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This article was published 1/4/2012 (2274 days ago), so information in it may no longer be current.
At 300 pounds, Winnipegger Cat Hurd would gorge on snacks while glued to her favourite series, X-Weighted, a cable television show that follows people attempting to lose weight.
"I would just sit in front of the TV, eat my snack of junk food saying, 'I could never do that,'" says Hurd, whose weight barely allowed her to walk at the time.
Fast-forward to today and Hurd, a family support worker, has lost more than 100 pounds. She has even run marathons, thanks, she says, to X-Weighted (which airs on Slice), whose Toronto-based experts — including the no-nonsense personal trainer Paul Plakas — inspired her to get moving.
"Watching Paul is so motivating," she says. " He is just so inspirational. There are some people who don't like that kind of trainer, one who pushes. But that's what I needed, that kind of push."
Hurd can't wait to see the show's experts in person on April 14 when they come to Winnipeg for X-Weighted Connect, an interactive weight-loss seminar happening at the Mennonite Brethren Collegiate Institute. The tour has already stopped in Edmonton and Calgary, and ends in Winnipeg.
"They've made a difference in my life. When you're 300 pounds, to be able to walk into a gym and not know anything is very intimidating and very scary," says Hurd, who hopes X-Weighted Connect will give her the extra motivation she needs to lose the 30 pounds or so she gained back over the past year.
"Having that kind of motivation and support behind you really makes a difference in people's lives."
Plakas says he could tell seminar attendees in Edmonton and Calgary were intimidated to try the bootcamp workshop he's offering on the X-Weighted Connect Tour.
He cautions that no one should fear the event, since it's just a demonstration rather than the type of all-out, sweat-producing training session you might see on his TV series.
"I show people what is possible with all the different movement patterns that are out there," says Plakas, who is known for his no-nonsense style and has even brought some of his show subjects to tears.
"I know what a human body is capable of for every level of fitness more so than they know about their own body. These people who have been on the couch for years and years, they don't even know what their body is capable of. So when they experience a bit of burning in their legs, an increased heart rate — with their heart kind of pounding — they sometimes think I'm trying to kill them. They've never felt that experience in their body before in their lifetime.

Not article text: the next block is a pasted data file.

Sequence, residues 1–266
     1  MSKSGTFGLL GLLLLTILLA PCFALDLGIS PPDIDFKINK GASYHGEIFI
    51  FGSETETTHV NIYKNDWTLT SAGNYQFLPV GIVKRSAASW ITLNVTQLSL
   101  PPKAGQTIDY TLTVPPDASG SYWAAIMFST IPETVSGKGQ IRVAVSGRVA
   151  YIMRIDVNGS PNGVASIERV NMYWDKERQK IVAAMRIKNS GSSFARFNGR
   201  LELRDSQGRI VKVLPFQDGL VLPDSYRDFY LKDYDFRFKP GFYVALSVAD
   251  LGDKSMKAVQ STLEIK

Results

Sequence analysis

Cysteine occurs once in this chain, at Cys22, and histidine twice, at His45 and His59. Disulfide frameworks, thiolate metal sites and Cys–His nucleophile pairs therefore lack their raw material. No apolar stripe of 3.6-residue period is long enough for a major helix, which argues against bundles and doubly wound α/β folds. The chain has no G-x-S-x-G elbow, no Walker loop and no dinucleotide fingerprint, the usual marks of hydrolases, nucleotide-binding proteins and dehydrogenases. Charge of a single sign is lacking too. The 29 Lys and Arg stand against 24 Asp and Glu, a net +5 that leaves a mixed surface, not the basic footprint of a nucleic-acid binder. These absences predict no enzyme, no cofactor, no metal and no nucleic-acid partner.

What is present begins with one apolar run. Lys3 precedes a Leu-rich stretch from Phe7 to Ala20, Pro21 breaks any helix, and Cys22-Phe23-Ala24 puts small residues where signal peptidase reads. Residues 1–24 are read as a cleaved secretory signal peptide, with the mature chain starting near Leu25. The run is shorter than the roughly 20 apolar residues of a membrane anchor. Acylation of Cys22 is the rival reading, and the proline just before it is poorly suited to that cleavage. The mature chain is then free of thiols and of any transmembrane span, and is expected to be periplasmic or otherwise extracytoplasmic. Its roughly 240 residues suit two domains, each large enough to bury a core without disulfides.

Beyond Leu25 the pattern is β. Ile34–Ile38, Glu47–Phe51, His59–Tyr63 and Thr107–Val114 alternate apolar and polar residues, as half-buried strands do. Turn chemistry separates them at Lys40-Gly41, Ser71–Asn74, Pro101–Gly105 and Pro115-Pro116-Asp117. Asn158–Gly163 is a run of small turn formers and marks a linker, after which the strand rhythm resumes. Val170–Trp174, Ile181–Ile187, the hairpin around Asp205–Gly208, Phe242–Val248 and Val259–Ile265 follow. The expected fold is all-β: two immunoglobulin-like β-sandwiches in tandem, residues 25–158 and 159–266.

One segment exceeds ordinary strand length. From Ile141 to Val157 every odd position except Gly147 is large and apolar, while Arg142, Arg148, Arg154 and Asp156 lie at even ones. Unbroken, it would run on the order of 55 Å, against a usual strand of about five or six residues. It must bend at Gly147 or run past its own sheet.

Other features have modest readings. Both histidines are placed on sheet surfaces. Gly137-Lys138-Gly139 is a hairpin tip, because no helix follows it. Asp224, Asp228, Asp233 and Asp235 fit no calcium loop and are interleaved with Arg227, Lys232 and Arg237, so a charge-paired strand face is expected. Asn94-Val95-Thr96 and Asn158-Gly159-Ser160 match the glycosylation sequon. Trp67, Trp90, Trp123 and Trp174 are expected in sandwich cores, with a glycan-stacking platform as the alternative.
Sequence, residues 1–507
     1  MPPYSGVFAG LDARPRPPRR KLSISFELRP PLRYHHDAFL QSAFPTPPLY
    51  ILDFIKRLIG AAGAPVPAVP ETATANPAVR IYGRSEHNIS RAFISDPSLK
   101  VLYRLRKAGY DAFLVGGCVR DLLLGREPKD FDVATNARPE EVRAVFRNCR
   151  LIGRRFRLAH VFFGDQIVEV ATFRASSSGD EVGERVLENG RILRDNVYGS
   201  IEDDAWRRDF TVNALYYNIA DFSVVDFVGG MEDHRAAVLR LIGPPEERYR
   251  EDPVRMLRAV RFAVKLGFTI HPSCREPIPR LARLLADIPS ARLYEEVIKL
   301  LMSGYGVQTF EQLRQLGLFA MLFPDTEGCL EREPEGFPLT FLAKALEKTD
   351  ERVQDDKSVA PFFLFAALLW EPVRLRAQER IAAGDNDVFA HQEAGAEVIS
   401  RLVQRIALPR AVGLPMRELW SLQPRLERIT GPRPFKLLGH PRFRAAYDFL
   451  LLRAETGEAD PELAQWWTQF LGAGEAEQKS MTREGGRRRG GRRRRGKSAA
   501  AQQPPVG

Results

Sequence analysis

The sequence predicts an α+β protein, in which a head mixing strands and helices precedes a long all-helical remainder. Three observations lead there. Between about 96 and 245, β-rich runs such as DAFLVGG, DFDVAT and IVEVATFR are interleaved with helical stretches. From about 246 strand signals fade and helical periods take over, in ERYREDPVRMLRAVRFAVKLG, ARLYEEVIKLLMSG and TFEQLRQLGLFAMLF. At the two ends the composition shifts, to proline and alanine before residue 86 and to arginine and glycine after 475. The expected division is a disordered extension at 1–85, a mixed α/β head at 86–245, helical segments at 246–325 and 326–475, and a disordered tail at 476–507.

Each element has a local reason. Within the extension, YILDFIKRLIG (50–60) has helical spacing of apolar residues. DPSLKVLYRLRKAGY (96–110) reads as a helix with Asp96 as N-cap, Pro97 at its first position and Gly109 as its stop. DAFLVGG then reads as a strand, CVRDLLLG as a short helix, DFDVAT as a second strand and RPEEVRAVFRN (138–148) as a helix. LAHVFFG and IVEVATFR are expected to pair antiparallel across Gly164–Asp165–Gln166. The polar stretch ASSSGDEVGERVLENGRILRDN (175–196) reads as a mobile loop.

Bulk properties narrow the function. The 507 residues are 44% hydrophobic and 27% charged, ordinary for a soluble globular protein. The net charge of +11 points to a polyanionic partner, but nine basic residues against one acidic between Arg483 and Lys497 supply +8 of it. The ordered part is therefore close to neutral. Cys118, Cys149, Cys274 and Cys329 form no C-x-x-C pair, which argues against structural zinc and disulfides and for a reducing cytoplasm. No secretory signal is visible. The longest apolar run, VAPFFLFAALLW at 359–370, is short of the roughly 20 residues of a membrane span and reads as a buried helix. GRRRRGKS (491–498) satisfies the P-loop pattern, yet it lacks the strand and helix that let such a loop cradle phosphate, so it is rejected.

"You're not going to die from this. It is a little uncomfortable at first. Your body will adapt to it. You will get tolerant of this intensity and push through."
X-Weighted performance coach Steffany Hanlen says even if a person knows how to exercise efficiently and eat a balanced diet, their weight-loss program won't work if they aren't dealing with the issues that are going on with the rest of their life.
"I think what people are starting to see is the weight-loss struggle," says Hanlen, a former Olympic skating coach who will talk about self-esteem in her X-Weighted Connect workshop. "It's more of a psychological and emotional battle on many levels."
She says most people who struggle with obesity don't put themselves first.
Hanlen was moved when a woman waiting in line to talk with her after an Alberta X-Weighted Connect seminar shared her thoughts.
"She said, 'You spoke to every single person in this line,'" recalls Hanlen. "She said, 'I didn't think I was valuable enough for you to take the time to talk to me.' That seemed to be the running theme."
Winnipeg-born family physician and obesity specialist Dr. David Macklin says he enjoyed filming X-Weighted but wishes he could have supported the show's featured guests more.
"Instead, we were giving them advice and watching them struggle," says Macklin. "It made for very interesting stories. Unfortunately it didn't always result in sustained weight loss."
Macklin grew up in River Heights and now has a preventative medicine practice in Toronto, specializing in helping people who are struggling with their weight. At X-Weighted Connect, he hopes to get the message across that weight loss isn't as simple as eating less and moving more.
"That's a really tragic oversimplification of what people are up against in trying to manage their weight," says Macklin, noting that genetics, psychology, lifestyle and brain chemistry are all factors.
He says people struggling to lose weight are up against "genetic vulnerability" and a lifetime of conditioning with those powerful substances of sugar, fat and salt.
Macklin says the medical community, in general, has a lack of understanding about how to help overweight people lose weight.
"Here's another chronic disease that deserves our attention — more support, more training within the medical schools and more support at the clinical level of the primary-care system," says the physician.
Tickets for the tour are $99.95; a package including event ticket, workbook and Paul Plakas boot-camp session goes for $139.90. Tickets are available online at http://www.xweighted.ca/x-weighted-connect-tour-2012.
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